Tuesday, May 9, 2017


to all my crew who put up over a thousand pieces of original art for our annual
Open House Show and Sale.

juried art pieces for the show, ladders and t-pins

The hanging of the show begins about a month before it's date 
with my art assistant and 2012 Alumni Alyssa Olea.
She unrolls miles of black poster paper and covers all the pinable walls
in the largest classroom in the school,
Room 18 (previously Room 24 back in the day), 
As you can see in these wide angle shots below,
  Alyssa had a whole lot of walls to deal with.

Then 9 days before Open House I gather my Intermediate 2-D kids during class,
and talk them thru their 3rd Quarter Final,
hanging the wall panels.
We lottery off the best ones,
one to each of this year's six 2nd year students.
Seniors Malaya Sithichai, Ayesha Durrani, Jazzarie Lo, Kevin Mao, Eileen Lee, and junior Sam Tun.

In the meantime,
Alyssa has spread out all the 2-d juried art pieces we've been saving for this event 
along the bookshelves in the bookroom next door.
(Thank you Jenn for trusting us in there).
Each child is given an empty portfolio to fill with pieces 
they will be graded on that work well together (Visual Flow)
And they must pick not only pieces done in color but also drawings in black and white.
Also graded on is hanging pieces from all 9 of my classes.
So in other of words,
each class is well represented on every panel.
Design is critical for each panel.
They have a choice between taking the easy way out and hanging symmetrically,
or the difficult route,
But in the end the wall must FEEL balanced.
They are also given empty boxes to fill with bas relief 3-D and ceramic pieces
that can be hung on a wall.
(the 3-d sculptures that can't be hung 
are spread out on all the tabletops on the night of Open House)
Each panel is hung from floor to ceiling,
with the pieces fairly close together so we can fit everything.
I would guess that each kid hung between 65 to 120 pieces on each of their walls.
There were lots of other walls that all had to be hung as well.
I always do the most awful one in the back far corner because of all the wires running down it.
Alyssa usually hangs over and under the chalkboard,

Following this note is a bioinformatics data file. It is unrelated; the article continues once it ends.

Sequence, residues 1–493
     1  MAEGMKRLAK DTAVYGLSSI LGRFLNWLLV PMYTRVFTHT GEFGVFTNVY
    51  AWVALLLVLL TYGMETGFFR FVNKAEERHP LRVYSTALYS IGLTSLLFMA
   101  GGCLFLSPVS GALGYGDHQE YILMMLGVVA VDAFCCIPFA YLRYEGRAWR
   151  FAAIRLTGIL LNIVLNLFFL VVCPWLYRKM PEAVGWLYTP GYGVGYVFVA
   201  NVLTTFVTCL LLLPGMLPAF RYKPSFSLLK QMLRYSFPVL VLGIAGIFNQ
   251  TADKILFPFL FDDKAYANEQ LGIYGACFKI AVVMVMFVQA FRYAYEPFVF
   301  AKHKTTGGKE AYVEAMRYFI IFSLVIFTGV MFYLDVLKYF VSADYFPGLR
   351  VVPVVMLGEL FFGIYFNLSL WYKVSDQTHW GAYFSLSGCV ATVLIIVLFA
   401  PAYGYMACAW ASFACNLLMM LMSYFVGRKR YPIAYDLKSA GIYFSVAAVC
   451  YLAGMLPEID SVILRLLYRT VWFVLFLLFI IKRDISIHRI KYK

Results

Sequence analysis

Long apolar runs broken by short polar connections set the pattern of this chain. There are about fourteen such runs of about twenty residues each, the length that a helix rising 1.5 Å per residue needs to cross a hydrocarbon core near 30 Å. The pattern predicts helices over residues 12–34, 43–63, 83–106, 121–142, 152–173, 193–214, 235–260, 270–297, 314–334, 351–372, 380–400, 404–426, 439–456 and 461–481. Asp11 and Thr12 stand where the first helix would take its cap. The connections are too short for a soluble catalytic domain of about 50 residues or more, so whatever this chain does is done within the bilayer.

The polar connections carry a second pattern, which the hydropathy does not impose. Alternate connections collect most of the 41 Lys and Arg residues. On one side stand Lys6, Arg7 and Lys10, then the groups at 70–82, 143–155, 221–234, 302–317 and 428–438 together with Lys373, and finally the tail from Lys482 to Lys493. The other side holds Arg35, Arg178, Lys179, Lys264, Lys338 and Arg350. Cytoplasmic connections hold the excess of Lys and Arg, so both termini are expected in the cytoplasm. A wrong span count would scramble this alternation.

as well as 
 the elongated rectangle across the refrigeration unit where we house clay and supplies.
We both worked on another difficult wall that is made from plywood 
where the door leads to the bookroom.
And Special Studies senior Shreya Sheth stepped up to the plate 
and hung the huge wall across the front of the room by the sinks,
as well as a hidden corner panel.
And this year we had way more pieces than usual 
because I had more students than usual,
so Alyssa and I hung the fronts of all the supply cabinets,
and around the white door panel that leads to Mr. Bender's science room.
It was crazy this year too because we even had ceramic bells hanging from the entire ceiling.
Completely surrounded by beauty!

Oh, oh, oh,
let me not forget to thank senior Deborah Harris,
my 7th period T.A. who hung up all the Before and After Drawings 
across the front of the refrigeration unit,
a big job.

And then the most Revolting Development happened.
I fell off the ladder and knocked my head real good the day before Open House.
So on the day of Open House Alyssa,
dear Alyssa,
spent the entire day at school in my stead,
teaching my classes because the sub couldn't,
directed the moving of all the Sculptures with Shreya after school,
picked everything up so the room looked perfect.
Then she and Shreya got all dolled up and were there to greet the parents, teachers and guests
beginning at 5:30 thru 8:30.

I was told to stay home and rest the knot on my head,
I couldn't even drive or focus or do up my hair,
but my husband drove me to school so I could greet my guests,
thank my students,
and meet their supportive parents.

So thank you,
all of you,
 for making this one of the most eventful Open Houses ever!

What do they say Liz?
It takes a village.


  1. this is BEYOND IMAGINATION...this is INCREDIBLE!!
    thank you so so much for these photographs!!!!

  2. and could this possibly mean that Sarah Oh's pinch pot might now be